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Death, Taxes, and Celebrity
By Steve Gordon
It had been a long night of beer and video games when, at the ripe hour of seven a.m., I finally decided to lay my head down and crash on a friend’s couch. It was the 21st of January. I hit the TV/Video switch on the remote control to let some heavy morning programming lull me into sleep, only to have one of the local Buffalo newscasts hit me through the din: “Lindsay Lohan to atone for drunk driving by working in a morgue.”
I jolted up and let out a resounding, “¡¿Qué?!” (perhaps the least resoundable exclamation available, to be sure), and let the story unfurl before me.
Evidently, Lindsay Lohan was caught drinking and driving a few times in the last year. Evidently, her punishment is that she has to spend eight hours working in a morgue as some kind of punishment. Evidently, it was important to inform Buffalo residents. Evidently, the only way to inform the public was to have the upbeat morning guy report from an actual morgue, interviewing an actual mortician.
The mortician obviously relished in describing the sensations that Lohan will have to endure: the sight of mangled cadavers, the sounds of ribcages cracking open, the smell of death, all with a twisted smile. Typical mortician, basically.
But I was dumbstruck: what kind of punishment is this?
About 36 hours later, I caught another celebrity news report out of the corner of my eye: “Brokeback Mountain star found dead in apartment.”
I chuckled a little bit, imagining a jet engine crashing through Jake Gyllenhaal’s ceiling. But alas, it was the other guy, Heath Ledger. Evidently, and this is according to the first hasty reports that are still pouring out, he’d taken a bunch of sleeping pills. Evidently, his girlfriend had just left him.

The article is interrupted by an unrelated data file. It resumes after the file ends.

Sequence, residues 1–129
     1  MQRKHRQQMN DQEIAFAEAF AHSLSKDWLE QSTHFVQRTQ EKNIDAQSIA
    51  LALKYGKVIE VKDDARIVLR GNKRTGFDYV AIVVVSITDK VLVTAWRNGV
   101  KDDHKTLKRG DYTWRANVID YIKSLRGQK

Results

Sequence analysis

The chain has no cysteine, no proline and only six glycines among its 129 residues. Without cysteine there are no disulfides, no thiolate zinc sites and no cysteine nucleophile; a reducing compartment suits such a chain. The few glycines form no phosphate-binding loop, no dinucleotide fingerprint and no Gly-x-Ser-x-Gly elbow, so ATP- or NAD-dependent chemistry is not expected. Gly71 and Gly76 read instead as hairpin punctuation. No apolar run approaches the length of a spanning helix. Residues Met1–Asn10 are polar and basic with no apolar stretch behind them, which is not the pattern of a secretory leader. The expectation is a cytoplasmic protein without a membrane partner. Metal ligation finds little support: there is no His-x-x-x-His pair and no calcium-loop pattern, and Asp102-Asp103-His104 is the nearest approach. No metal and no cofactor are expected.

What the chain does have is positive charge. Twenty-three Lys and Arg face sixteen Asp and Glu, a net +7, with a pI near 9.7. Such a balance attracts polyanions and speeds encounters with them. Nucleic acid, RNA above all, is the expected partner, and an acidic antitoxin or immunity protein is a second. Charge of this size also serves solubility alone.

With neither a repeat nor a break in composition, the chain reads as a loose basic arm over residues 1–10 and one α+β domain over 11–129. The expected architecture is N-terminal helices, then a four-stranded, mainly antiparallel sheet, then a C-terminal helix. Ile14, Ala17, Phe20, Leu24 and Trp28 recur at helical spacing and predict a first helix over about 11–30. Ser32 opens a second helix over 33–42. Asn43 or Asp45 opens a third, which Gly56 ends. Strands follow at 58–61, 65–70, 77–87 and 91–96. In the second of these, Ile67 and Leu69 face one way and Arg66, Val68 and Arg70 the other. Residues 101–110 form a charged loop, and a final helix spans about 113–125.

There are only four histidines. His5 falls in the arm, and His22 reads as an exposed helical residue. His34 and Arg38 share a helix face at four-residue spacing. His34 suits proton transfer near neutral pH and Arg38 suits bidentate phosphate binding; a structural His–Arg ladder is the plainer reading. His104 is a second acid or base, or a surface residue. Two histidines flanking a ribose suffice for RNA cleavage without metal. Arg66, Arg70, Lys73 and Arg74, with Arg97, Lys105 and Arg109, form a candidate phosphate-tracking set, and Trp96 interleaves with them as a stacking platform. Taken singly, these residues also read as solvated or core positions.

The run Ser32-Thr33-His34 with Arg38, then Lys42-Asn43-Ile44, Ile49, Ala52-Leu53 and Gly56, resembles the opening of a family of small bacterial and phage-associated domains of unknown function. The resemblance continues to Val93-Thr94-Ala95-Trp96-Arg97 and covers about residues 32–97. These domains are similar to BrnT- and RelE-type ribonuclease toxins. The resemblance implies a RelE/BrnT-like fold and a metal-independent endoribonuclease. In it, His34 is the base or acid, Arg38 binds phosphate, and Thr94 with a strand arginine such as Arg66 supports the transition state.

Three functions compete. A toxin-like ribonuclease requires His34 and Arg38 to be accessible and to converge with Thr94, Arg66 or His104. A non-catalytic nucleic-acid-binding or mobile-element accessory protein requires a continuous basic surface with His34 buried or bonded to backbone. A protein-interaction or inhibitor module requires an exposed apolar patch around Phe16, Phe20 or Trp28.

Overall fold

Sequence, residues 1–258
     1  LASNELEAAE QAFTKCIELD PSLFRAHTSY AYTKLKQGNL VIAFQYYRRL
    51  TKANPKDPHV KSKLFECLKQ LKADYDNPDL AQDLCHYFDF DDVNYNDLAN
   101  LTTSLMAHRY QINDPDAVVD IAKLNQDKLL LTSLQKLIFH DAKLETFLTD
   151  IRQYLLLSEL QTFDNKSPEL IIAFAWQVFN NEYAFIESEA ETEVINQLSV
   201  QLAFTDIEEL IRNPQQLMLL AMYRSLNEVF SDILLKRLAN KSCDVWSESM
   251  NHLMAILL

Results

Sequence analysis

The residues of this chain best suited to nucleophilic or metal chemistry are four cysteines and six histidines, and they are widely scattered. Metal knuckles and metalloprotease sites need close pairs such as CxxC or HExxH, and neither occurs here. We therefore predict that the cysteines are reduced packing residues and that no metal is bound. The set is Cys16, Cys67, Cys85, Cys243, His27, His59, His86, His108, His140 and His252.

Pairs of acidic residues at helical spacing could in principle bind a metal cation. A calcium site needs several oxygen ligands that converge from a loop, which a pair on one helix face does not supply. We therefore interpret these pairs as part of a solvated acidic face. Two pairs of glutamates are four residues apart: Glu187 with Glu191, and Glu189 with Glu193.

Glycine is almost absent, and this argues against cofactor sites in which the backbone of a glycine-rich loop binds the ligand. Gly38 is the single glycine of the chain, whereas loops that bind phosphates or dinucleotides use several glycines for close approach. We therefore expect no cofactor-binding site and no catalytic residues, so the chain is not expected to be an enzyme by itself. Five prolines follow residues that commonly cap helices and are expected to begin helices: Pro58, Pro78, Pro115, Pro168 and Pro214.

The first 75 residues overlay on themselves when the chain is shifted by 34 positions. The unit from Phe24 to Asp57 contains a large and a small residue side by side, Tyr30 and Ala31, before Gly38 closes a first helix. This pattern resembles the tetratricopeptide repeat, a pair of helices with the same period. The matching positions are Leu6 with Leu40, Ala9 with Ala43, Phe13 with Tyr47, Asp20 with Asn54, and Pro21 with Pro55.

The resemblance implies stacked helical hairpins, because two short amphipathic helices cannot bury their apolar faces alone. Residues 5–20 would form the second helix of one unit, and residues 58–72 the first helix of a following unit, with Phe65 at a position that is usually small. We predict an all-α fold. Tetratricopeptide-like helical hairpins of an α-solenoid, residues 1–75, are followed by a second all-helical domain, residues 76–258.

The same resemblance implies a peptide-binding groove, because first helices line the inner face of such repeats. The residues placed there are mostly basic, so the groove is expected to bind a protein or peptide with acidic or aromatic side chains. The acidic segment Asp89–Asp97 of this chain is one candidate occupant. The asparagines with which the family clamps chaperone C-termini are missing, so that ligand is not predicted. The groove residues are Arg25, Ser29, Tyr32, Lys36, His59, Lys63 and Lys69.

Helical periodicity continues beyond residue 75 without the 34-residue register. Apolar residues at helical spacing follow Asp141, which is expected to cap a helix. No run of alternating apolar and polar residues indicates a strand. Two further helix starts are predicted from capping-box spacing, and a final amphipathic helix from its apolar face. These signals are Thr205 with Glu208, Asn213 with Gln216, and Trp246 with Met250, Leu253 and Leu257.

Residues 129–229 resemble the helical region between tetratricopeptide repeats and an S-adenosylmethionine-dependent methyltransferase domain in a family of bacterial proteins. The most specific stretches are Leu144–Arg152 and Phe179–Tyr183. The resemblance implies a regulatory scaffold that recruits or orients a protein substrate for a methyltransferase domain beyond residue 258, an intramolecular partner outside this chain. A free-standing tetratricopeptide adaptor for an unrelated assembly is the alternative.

Here, the media has the beginning and end of a great tragedy: Ledger’s girlfriend leaves him and he kills himself, in that order. There will be a necessary postscript, of course, involving a cycle of remembrance stories, interviews with other celebrities, and maybe some pieces on depression and suicide by Sanjay Gupta. A formulaic drama complete with commentary.
I hesitate to add to the public speculation machine, but perhaps the media is too quick to formulate the ‘breakup leads to breakdown’ hypothesis. Psychological problems are generally more complex than the assessments that attempt to ascertain them, and the media’s hypothesis might in fact be inverted.
That’s just another assumption, though. To us, celebrities appear as two dimensional characters whose activities unfold in a glamorous public drama. The notion that a beautiful person’s head might not always be filled simple, beautiful thoughts isn’t a very attention-grabbing idea.
We should be wary that a subscription to tabloid ideology might be reductive not only to celebrities, but also to a public that buys into the fable that life progresses like the movies. In a 2005 interview, Ledger elucidated a corner of his complex human mind, saying, “In a way I was spoon-fed a career. It was fully manufactured by a studio that believed it could put me on their posters and turn me into a product.” But we didn’t want statements like this; we wanted a beautiful smile and a wave from the red carpet. In essence we preferred the product.